Mark Fischer interviews Clive Bloom on his new book 'Restless revolutionaries'. A book which examines the legacy of Republicanism in British history. Full text at url.
You talk about the history of republicanism’s “crushing failures” in the book. One way that these struggles are crushed, of course, is that the victor writes the histories ...
Exactly. You have to unearth these histories, the documentation. You have to search for the graves where these people are buried - there are no monuments to guide you. More than that, you have to reconstruct the politics of the time to understand these rebellions in their context.
In the case of William Courtney and the 1838 rebellion in Dover, for example, there is a plaque on the church wall commemorating the dead. But why, when this guy turned up preaching as he did, were people prepared to believe it and to die for it? When we understand that, then history comes alive for us and speaks directly to how we live now, the struggles that surround us in today’s world.
Obviously, a discussion of historical republicanism is very relevant to us, given the royal nuptials. Clearly, the monarchy is an institution that ruling elites of various types have found very useful.
Yes. From 1688 and the notion of a constitutional monarchy it was found that keeping the king in place gives them authority. What particularly interest me are the legal and other fictions which keep a society in a certain mode and which act to disperse the revolutionary alternatives to it.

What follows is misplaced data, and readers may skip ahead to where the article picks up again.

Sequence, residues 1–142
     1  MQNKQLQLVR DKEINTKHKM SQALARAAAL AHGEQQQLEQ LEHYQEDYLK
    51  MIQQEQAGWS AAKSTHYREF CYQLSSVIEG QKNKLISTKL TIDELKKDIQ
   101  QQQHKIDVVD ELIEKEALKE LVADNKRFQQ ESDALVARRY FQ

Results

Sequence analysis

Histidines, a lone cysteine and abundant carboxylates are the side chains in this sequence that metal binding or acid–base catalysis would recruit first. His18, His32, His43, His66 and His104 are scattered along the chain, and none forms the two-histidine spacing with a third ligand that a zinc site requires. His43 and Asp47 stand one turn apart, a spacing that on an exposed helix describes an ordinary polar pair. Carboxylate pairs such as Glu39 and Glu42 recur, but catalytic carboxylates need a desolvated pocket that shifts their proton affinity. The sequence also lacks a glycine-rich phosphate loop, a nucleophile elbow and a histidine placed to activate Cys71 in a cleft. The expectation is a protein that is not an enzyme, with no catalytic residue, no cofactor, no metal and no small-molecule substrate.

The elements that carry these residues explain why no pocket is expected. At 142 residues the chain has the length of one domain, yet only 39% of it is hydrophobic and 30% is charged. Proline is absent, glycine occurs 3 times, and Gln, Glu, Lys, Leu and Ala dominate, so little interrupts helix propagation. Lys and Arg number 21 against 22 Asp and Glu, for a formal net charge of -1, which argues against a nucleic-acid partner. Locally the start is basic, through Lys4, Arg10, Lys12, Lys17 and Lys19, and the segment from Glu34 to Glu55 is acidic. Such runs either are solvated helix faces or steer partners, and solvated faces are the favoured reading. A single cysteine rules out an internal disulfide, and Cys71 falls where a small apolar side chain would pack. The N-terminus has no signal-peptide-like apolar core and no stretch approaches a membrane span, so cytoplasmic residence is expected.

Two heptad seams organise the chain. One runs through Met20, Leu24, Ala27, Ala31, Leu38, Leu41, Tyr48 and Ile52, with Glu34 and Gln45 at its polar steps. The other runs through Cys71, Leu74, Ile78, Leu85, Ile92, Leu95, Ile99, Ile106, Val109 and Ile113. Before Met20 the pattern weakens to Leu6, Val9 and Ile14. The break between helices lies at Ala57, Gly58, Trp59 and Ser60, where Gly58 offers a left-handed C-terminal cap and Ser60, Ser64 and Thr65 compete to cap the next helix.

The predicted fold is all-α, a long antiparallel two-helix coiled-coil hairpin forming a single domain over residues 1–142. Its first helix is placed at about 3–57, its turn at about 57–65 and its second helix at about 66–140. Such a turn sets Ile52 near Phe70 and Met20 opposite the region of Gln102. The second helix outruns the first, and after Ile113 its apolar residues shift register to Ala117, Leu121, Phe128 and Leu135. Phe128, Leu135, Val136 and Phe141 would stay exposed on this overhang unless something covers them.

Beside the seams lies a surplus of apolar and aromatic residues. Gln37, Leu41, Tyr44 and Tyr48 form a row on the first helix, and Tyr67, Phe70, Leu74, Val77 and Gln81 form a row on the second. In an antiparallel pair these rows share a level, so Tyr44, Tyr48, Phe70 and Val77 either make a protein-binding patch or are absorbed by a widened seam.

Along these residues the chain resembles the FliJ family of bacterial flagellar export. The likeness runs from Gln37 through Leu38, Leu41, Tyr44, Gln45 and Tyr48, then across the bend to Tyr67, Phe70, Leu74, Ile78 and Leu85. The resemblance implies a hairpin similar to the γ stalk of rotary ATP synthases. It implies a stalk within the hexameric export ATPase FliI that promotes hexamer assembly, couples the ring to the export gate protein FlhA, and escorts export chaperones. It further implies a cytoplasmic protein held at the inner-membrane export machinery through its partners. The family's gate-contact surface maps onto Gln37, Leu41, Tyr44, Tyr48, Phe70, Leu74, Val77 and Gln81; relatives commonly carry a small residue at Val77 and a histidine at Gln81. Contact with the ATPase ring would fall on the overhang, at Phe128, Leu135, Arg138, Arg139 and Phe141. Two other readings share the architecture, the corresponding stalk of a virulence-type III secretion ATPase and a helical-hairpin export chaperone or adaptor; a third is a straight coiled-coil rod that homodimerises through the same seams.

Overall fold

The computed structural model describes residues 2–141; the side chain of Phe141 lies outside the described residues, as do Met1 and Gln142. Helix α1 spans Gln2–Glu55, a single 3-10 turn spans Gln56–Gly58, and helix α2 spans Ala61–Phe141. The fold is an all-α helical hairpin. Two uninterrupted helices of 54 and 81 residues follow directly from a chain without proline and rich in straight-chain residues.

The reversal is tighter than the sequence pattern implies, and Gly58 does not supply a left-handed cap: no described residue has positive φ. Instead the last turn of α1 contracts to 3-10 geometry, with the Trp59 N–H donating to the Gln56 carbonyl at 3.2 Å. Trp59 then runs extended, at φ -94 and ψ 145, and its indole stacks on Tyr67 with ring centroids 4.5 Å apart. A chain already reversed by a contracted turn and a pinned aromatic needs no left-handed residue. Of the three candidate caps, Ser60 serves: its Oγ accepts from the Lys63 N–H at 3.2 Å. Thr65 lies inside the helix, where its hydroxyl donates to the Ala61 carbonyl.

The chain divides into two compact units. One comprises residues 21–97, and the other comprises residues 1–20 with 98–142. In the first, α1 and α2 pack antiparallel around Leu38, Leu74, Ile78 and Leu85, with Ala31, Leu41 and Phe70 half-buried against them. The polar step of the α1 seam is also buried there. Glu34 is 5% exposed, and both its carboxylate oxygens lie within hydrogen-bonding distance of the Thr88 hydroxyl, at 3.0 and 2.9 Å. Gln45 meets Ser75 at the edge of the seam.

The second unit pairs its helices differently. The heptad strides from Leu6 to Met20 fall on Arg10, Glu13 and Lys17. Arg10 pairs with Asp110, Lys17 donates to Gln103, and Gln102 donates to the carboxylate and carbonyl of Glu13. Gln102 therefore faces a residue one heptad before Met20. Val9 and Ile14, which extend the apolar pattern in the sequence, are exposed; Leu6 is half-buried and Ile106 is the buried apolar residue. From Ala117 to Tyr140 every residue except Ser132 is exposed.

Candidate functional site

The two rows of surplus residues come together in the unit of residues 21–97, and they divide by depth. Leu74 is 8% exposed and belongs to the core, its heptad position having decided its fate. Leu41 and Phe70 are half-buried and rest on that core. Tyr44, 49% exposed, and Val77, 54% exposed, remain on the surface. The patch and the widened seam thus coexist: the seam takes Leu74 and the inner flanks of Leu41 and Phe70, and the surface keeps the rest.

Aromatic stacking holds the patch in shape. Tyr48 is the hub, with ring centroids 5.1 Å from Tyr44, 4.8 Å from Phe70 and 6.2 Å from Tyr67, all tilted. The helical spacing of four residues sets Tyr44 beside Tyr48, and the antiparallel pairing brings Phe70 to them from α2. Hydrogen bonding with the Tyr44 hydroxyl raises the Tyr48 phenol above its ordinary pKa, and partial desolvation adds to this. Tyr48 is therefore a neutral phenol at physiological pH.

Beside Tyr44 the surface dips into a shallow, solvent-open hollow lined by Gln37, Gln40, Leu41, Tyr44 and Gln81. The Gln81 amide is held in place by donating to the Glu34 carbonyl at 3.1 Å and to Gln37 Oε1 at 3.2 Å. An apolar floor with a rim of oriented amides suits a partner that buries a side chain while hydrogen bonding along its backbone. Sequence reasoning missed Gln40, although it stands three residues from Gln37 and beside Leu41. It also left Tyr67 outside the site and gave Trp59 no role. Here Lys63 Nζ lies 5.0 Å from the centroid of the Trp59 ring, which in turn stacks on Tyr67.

For example, the institution of monarchy itself that - by definition - underpins a notion of subjection. So, from queen Victoria onwards, the monarchy is a bulwark of the modern notion of family. Similarly, the royal wedding of Will and Kate is everyone’s, and princess Diana’s ‘fairytale’ marriage was absolutely ‘universal’ in the reactionary dreams and illusions it appealed to and bolstered.
Conveniently therefore, the fact that the royal family stands for things that can be detached from the state and government facilitates keeping the social fabric intact, especially in times of crisis. It reinforces the notion that history proceeds through dull, incremental change to what already exists, has existed ‘for 1,000 years’ and will stretch into the future.